2007-11-08 / Top Stories

"Lights Out" Plays Inspired By Golden Age of Radio

By Linda Steinmuller

"Lights Out" Plays Inspired By Golden Age of RadioBy Linda Steinmuller 

Actors Trey Lyford, Maia Dizzia, Ryan McCarthy (center)and sound designer Matthew Beals during Kingsborough's "Lights Out"production.
Actors Trey Lyford, Maia Dizzia, Ryan McCarthy (center)and sound designer Matthew Beals during Kingsborough's "Lights Out"production. Before television and movies with high-tech special effects became popular, radio was the main medium of entertainment for most Americans. Most Americans today know little, if anything, about The Golden Age of Radio - a period roughly between 1929- 1957 - when families would gather around the radio for hours listening to comedy shows featuring Jack Benny, Ozzie & Harriet, Red Skelton, each of whom later found success in the early years of television, as well as dramas like "The Shadow," "Jack Armstrong, All-American Boy," and "Captain Midnight."

Radio provided a means of escape for people through the Depression. Listeners relied on their imaginations with a little help from sound effects, such as creaky doors and heavy footsteps, to paint a picture of a story "all in their minds."

By 1935 two out of three American homes had radio sets. Fifteen years later, when television was in its infancy, 40 million American homes (94% of the population) owned a radio.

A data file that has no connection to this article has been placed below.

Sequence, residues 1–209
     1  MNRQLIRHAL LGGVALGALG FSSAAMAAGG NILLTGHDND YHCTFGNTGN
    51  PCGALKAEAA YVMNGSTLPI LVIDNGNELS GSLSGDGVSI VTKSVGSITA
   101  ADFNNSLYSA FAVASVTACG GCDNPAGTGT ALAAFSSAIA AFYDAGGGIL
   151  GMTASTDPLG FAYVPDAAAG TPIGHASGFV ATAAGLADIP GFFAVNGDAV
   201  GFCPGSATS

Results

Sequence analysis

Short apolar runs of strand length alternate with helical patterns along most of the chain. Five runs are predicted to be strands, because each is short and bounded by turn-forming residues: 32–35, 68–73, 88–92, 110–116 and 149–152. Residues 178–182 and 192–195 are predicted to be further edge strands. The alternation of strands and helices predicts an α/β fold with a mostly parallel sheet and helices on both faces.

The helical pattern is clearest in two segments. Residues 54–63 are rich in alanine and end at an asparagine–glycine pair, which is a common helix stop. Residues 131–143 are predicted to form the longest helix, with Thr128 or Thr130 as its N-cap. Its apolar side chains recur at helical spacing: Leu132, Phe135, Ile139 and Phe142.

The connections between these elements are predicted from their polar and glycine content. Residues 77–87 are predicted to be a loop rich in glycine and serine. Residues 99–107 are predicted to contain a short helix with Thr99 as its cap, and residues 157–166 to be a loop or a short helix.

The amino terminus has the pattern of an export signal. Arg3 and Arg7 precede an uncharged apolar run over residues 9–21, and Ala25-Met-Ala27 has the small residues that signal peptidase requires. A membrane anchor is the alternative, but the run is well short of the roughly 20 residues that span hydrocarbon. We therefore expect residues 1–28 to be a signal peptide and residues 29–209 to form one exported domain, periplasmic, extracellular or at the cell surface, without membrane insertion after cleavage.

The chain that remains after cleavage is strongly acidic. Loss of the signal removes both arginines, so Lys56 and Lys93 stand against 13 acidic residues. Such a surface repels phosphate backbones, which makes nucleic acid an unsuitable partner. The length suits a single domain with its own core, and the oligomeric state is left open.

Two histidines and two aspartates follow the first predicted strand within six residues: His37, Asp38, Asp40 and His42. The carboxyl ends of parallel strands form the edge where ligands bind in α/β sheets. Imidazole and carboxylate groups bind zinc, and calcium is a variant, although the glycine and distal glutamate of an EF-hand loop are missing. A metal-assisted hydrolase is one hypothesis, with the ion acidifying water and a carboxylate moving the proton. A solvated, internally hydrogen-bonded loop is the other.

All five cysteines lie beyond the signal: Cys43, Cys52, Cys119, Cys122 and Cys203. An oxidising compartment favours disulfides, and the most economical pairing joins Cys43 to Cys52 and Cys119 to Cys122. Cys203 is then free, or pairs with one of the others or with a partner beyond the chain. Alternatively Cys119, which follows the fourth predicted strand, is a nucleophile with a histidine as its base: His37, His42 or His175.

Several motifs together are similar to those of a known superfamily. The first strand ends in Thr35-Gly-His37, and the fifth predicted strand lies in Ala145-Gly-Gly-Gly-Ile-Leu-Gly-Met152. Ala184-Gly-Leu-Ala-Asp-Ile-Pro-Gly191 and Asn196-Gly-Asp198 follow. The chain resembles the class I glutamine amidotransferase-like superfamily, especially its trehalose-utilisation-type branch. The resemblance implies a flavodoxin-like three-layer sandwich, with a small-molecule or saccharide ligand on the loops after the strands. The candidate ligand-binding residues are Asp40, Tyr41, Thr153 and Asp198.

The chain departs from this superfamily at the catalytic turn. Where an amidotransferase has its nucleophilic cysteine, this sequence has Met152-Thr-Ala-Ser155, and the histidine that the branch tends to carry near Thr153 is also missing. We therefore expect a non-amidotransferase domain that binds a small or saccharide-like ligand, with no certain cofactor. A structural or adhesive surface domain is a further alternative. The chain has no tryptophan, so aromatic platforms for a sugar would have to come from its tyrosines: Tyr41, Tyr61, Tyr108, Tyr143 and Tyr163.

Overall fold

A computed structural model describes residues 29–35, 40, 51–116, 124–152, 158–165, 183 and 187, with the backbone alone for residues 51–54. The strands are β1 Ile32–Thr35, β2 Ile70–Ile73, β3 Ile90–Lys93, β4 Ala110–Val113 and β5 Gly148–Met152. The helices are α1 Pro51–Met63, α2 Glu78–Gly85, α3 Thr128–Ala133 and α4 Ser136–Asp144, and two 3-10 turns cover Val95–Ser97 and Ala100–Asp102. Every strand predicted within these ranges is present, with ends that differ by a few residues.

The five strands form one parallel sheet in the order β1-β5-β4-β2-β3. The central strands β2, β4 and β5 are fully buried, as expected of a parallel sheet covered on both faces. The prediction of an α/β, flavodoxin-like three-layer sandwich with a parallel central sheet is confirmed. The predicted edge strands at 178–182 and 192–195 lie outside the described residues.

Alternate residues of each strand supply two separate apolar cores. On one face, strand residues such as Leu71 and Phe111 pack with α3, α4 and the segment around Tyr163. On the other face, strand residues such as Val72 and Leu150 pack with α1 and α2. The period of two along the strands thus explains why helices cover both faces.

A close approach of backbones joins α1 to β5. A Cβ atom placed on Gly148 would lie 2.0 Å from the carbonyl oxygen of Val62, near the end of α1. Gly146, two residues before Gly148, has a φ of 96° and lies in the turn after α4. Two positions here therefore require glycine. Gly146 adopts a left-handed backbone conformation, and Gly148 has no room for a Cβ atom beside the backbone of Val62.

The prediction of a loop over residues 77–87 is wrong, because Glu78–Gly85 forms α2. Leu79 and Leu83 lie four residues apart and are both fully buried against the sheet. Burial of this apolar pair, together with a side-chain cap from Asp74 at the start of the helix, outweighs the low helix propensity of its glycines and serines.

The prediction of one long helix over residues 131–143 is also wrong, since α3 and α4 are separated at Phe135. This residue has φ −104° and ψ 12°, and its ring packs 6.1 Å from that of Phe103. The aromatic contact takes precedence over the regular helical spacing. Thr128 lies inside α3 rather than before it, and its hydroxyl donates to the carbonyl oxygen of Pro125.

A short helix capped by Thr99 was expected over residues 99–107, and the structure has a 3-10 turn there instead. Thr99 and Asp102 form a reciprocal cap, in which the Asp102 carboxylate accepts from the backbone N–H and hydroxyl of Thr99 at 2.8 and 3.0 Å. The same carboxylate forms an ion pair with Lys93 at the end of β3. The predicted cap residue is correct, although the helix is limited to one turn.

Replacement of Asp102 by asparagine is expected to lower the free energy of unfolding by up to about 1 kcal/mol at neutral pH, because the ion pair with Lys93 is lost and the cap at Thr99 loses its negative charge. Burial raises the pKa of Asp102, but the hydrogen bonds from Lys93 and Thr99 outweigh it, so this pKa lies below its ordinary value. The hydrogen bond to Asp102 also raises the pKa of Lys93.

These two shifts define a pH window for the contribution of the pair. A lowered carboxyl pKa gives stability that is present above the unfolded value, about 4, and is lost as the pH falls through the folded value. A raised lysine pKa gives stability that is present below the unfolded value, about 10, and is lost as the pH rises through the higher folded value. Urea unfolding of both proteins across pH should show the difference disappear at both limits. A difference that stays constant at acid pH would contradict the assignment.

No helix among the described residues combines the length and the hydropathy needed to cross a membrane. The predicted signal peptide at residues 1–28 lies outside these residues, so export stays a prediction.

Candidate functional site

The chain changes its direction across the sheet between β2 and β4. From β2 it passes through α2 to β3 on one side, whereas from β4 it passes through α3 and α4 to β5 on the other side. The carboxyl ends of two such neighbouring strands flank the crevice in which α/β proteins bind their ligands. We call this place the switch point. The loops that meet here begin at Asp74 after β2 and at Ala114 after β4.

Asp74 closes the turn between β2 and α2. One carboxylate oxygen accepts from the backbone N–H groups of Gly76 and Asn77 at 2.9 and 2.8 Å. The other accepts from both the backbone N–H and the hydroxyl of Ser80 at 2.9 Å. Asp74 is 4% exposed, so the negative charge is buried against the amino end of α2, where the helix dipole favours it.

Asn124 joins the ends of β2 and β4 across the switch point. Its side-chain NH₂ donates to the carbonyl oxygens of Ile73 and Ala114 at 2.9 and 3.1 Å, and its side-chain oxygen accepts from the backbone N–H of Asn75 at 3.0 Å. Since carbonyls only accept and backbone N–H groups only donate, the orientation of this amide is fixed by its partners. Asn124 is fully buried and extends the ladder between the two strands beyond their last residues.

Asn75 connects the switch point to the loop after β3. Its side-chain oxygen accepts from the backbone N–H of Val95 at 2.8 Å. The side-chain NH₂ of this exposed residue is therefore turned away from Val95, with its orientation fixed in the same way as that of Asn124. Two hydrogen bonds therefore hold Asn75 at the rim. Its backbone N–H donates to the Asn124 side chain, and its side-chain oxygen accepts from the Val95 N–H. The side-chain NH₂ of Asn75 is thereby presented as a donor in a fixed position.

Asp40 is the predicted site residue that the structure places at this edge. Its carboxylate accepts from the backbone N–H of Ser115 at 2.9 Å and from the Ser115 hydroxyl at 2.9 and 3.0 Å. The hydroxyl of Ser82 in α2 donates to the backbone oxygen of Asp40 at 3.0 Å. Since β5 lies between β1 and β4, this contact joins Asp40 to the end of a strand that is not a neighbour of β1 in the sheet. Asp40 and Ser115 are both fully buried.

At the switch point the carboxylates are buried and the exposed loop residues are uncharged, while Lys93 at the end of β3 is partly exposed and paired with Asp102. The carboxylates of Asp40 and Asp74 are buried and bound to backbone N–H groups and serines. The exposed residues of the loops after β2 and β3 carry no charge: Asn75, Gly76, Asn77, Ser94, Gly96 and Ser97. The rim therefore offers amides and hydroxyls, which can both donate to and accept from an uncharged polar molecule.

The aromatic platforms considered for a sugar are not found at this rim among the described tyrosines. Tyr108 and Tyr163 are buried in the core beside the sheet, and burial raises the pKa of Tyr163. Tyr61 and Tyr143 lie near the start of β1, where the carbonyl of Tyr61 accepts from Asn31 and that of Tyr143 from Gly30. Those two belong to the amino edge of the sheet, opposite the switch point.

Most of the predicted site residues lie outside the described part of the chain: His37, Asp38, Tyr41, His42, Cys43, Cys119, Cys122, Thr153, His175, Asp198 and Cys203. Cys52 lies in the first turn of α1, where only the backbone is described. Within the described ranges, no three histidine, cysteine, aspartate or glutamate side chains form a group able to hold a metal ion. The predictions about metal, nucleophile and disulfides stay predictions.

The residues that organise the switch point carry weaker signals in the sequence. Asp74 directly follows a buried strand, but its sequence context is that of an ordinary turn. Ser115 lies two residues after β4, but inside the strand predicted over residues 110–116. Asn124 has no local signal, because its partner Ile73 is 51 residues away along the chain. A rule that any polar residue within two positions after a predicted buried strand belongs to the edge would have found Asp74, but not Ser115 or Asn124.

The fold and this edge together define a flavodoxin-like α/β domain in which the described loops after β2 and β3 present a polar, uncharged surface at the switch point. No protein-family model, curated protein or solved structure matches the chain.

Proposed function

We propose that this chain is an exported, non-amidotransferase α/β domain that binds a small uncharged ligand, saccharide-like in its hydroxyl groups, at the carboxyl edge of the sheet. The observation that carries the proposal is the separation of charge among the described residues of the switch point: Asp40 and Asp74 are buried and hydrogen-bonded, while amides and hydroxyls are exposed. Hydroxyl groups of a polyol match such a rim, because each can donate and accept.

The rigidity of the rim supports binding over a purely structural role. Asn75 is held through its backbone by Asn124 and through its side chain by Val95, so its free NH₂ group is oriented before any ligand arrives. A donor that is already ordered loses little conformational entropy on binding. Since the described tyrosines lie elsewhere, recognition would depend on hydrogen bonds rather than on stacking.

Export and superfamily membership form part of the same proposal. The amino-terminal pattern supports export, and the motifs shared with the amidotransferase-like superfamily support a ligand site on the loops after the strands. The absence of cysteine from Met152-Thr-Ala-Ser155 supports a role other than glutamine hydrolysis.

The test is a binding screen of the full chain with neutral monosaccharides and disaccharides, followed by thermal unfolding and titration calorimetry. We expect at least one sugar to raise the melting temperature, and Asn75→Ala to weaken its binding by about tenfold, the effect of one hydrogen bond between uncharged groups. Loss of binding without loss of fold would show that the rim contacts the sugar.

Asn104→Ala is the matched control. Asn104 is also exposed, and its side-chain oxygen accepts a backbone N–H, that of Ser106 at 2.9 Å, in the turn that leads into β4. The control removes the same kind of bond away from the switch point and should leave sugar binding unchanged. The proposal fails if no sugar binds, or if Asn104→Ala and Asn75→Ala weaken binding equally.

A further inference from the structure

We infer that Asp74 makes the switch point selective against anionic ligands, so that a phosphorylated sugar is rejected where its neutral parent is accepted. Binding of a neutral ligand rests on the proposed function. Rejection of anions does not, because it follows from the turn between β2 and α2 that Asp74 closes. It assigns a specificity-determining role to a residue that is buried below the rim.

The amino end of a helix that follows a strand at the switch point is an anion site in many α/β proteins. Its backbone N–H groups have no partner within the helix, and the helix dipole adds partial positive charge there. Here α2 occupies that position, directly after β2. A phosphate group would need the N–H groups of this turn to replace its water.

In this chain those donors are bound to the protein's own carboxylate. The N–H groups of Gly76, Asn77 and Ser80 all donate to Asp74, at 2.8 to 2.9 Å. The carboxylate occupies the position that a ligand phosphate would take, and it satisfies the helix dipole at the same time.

Sound plays have been around for over 20 years, but have become more popular over the past five years with increased interest in Orson Welles, whose 1938 broadcast of "War of the Worlds" on his weekly Mercury Theater program nearly caused a national panic. Many listeners believed a Martian invasion was in progress and they were hearing an actual news report since it was presented as a series of news bulletins.

Today's sound plays give audiences an opportunity to see how the old time radio shows were produced, as they combine traditional sound effects with modern digital technology.

Last Saturday's performance of Lights Out at Kingsborough Community College was reminiscent of radio's Golden Age. On a darkened stage, actors recited four short stories, from writers Edgar Allen Poe, Ray Bradbury, Arch Oboler and Ambrose Bierce, while sound effects artist Matthew Beals sat at a prop table and mixing board bringing the stories varied sounds to life for a rapt audience.

In Oboler's tale about a person turned inside out, the storyteller appeals to the listener's fear of monsters, ghosts, and things that go bump in the night. Bradbury's "Zero Hour," set on a pleasant suburban street where only children under ten can play a game with a Martian getting ready to invade the earth, plays on everyone's fear that evil can happen in small-town U.S.A.

Perhaps scarier than monsters and ghosts is the darkness that lurks in one's mind. Bierce's story of a woman's murder and her husband's recurring dreams make the listener wonder who the killer really was while Poe's classic "The Pit and the Pendulum" makes the skin crawl as the listener hears the chilling tale about a convict crawling around a dark tomb amidst the sound of screeching rats.

Director Jeremy McCarter is a veteran of sound plays and specifically created Lights Out for Kingsborough Community College.

After seeing this production, it makes you wonder if the best scares are really enhanced by one's imagination or on special effects on the big screen?

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